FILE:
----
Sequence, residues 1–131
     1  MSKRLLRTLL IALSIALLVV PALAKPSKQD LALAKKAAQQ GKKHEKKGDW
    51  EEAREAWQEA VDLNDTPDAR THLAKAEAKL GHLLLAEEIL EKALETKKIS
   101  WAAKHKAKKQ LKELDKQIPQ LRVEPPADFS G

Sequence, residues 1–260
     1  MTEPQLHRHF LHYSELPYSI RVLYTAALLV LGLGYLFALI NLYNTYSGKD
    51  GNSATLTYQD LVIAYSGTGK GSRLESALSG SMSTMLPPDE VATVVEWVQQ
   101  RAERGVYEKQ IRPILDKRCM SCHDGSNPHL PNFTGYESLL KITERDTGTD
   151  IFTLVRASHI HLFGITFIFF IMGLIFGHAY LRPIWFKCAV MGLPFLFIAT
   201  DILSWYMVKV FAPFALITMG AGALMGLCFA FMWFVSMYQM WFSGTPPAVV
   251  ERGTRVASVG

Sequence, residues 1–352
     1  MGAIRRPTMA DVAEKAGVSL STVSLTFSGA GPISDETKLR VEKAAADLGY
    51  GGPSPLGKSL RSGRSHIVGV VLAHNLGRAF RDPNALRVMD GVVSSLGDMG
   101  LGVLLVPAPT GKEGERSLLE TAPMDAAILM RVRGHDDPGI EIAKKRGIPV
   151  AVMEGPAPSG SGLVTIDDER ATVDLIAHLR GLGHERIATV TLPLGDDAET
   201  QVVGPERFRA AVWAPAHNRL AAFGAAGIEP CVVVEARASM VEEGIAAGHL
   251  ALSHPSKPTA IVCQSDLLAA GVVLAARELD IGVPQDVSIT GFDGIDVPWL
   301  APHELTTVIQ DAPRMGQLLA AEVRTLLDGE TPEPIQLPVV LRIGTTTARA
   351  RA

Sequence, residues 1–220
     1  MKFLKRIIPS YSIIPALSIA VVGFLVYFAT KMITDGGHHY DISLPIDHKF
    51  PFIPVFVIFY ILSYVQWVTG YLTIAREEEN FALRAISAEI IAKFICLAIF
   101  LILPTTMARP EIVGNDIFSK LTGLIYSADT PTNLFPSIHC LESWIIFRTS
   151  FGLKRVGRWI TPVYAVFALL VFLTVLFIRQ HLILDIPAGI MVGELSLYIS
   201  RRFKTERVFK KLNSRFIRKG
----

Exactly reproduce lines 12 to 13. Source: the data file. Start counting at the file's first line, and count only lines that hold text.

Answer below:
Sequence, residues 1–352
     1  MGAIRRPTMA DVAEKAGVSL STVSLTFSGA GPISDETKLR VEKAAADLGY